Work vs. Breastfeeding: The Fight for a Working Mom’s Time

Work and breastfeeding don’t get along.

I’m sure this is a hard pill to swallow for fellow working moms, breastfeeding activists and the mix of the two. Now, don’t get me wrong. This doesn’t mean that I’m not breastfeeding Keira or that I intend to stop breastfeeding. But the truth is that it’s hard to continue to exclusively breastfeed when you’re a working mom.

Us working moms already have a strain on their time when you’re balancing the stress of working and trying to spend as much quality time with your children as possible. My little girl is only awake for 13 hours during the day. With commute time and lunch breaks in there and assuming I’m only working an 8 hour day, that means I only have 3 hours a day to spend with Keira. On top of trying to make dinner, get ready for the day or get in a breather.

Lately I’ve noticed the strain that pumping during my work day has put on the time I get to spend with Keira and the rest of the family. The work load is up. The overtime is increasing. And I’m constantly counting the numbers of hours it’s been since I fed Keira or pumped, trying to figure out if it’s better to go on a pumping break and have to work that much longer to get the work done or if I should just try to make it out of the office as soon as possible. It’s the one time I feel like breastfeeding is actually taking away from my family.

I’ve been on the lookout for a role model. Looking around my company with the many women who’ve recently had children, the number of women using the mother’s room is dwindling. And certainly, I’m finding that I’m the one who uses it most often. That doesn’t give me a sense of encouragement. I’ve raked through friends who have been able to manage working and breastfeeding and I’m finding there’s a huge divide. There’s the moms who work a standard 40+ hour office job who supplement or feed 100% with formula and then there’s the moms who breastfeed and either don’t work or have the awesome ability to work an alternative schedule or at home.

So, here’s my cry for help. Show me the working moms who have made it work! Show me moms who have continued to breastfeed even going through long works hours. Show me the breastfeeding moms who provide milk for their baby when they’re still traveling around for work. Show me the moms who don’t have to constantly count the amount of ounces they’re producing over and over during the work day, wondering if they’re really making enough for their baby.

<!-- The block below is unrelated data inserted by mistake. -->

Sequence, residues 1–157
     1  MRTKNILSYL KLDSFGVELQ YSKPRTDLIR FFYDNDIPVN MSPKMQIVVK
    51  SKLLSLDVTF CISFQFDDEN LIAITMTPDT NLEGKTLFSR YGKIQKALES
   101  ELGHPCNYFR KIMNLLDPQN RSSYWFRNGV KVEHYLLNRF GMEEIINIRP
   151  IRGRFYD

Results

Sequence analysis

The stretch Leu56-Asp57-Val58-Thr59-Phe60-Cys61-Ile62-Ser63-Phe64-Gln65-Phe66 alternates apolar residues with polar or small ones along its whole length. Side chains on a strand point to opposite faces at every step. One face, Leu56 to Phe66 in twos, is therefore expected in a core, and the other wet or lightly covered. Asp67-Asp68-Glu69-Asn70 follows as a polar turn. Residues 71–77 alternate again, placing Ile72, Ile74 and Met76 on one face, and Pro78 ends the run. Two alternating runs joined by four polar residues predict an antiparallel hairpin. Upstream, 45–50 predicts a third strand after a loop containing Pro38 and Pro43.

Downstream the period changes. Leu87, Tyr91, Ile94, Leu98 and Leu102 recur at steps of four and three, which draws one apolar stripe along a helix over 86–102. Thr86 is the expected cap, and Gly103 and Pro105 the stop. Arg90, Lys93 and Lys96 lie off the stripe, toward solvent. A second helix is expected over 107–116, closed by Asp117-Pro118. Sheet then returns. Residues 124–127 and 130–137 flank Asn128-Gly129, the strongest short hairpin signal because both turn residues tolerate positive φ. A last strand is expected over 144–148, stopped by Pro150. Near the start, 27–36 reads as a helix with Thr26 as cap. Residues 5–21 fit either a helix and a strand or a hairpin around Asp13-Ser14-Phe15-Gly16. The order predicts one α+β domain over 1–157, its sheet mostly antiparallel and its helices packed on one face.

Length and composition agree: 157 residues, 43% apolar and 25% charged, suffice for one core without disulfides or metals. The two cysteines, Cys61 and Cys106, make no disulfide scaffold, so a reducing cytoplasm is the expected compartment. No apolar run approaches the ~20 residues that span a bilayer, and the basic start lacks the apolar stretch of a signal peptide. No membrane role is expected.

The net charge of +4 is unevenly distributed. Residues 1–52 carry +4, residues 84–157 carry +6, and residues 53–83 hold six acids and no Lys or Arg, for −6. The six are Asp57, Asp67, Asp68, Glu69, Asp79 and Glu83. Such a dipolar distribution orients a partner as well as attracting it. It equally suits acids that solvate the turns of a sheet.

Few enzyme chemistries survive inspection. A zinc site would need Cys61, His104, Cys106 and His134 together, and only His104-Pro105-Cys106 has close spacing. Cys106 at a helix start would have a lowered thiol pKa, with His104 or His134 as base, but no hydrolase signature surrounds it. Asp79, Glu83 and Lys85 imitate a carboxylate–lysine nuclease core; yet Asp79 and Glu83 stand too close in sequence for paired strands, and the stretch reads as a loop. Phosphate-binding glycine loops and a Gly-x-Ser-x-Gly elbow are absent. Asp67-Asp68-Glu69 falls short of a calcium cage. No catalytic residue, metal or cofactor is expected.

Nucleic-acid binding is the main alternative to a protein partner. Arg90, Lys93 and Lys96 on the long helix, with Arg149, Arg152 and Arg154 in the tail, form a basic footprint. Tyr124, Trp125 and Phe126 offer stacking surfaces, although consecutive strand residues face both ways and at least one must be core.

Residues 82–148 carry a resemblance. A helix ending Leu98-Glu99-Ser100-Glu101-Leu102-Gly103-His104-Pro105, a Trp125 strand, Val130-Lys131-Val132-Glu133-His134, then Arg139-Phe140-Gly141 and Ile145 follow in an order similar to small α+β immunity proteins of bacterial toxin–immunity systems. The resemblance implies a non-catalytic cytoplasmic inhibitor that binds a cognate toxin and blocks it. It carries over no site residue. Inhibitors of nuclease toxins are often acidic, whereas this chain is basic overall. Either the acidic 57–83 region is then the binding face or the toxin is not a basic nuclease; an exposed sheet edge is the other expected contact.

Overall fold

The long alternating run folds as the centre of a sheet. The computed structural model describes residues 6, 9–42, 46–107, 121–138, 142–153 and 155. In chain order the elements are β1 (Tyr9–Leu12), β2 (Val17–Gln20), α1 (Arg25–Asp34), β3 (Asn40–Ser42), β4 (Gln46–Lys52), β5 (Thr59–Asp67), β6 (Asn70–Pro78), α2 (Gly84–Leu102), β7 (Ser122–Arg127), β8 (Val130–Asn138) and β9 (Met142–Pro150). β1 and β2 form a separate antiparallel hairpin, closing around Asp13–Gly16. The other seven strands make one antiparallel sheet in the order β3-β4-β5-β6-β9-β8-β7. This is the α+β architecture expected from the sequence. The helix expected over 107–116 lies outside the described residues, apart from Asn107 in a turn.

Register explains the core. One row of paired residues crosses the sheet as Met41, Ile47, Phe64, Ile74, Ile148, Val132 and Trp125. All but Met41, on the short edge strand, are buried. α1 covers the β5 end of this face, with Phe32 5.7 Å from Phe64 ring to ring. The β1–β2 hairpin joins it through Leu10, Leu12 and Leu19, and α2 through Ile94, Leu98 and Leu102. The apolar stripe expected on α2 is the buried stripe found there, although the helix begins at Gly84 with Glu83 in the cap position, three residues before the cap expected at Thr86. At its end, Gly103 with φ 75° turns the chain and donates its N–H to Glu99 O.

3 Comments (+add yours?)

  1. Jessica
    Oct 07, 2010 @ 20:11:09

    I’m not a 100% role model because we supplement Charlie, but only because I don’t produce enough. Still, I try to pump three times a day (in fact, I’m pumping in the office as I type this!). It can be a huge inconvenience, and yesterday was the first time I seriously thought, “Wow, my life would be a lot easier if I stopped this.”

    But then I paused and recommitted myself, which is something us working moms have to do often, it seems.


  2. Lindsey
    Oct 07, 2010 @ 20:11:43

    I’m not your role model. But boy, do I ever feel your pain.

    I nursed and pumped for my first daughter to 11 months (until I got pregnant again and dried up), for my second daughter to 10 months (until, um, I got pregnant again and dried up again), and for my third to 10 months (she’s still nursing at 11).

    I know what it’s like to wash a pump a zillion times a day, to store and label and freeze and thaw and transport, to jealously guard every ounce I can manage, to constantly have an ache in the pit of my stomach that it’s not or won’t be enough. I know what it’s like for my husband and day care workers to just not get why it’s a big deal to waste milk. I know what it’s like to have a big disaster happen at work and dry up to almost nothing overnight from stress.

    I know what it’s like to have people suggest to “just pump more often” or “nurse through the night” to up my supply, when pumping more often costs me more hours at work, and costs me some career reputation, and nursing through the night (once baby’s sleeping) costs me sleep I badly need for my mental health, which I need for parenting ability and milk supply.

    For most of the time I’ve done this (I’ve been pregnant, nursing, or both, for 4+ years now) I’ve been the ONLY one at my office doing it. The only younger female lawyer and certainly the only lawyer with kids. I just started a new job and I’m less alone at this one as far as demographics go- but, until I stopped a couple weeks ago, still the only pumping mom.

    It’s been easiest on this third go-round, since I had a mad oversupply early on and didn’t fight it- during maternity leave I just pumped and pumped and froze and froze, so during all the months once I was going at a defecit, I could make up the difference. But it ran out and so did my patience recently, and I decided that pumping to 10 months would be enough. I’m really happy the baby still seems able to nurse and I’d like to do that a little longer, since I felt like I stopped before I wanted to twice before due to pregnancy.

    Anyway. I could write a novel about it but tell me if you want to talk- a friend saw your entry and sent me here.


    • Kirsten Deeds
      Oct 23, 2010 @ 18:29:28

      So, what you’re telling me is that breastfeeding isn’t effective birth control? 😉

      Thank you so much for your comment! It’s nice to know I’m not alone in dealing with the problem. It’s certainly a balancing act! And you work in a similar industry where you can’t just ignore deadlines. Thanks for giving me some hope that I can make it work.


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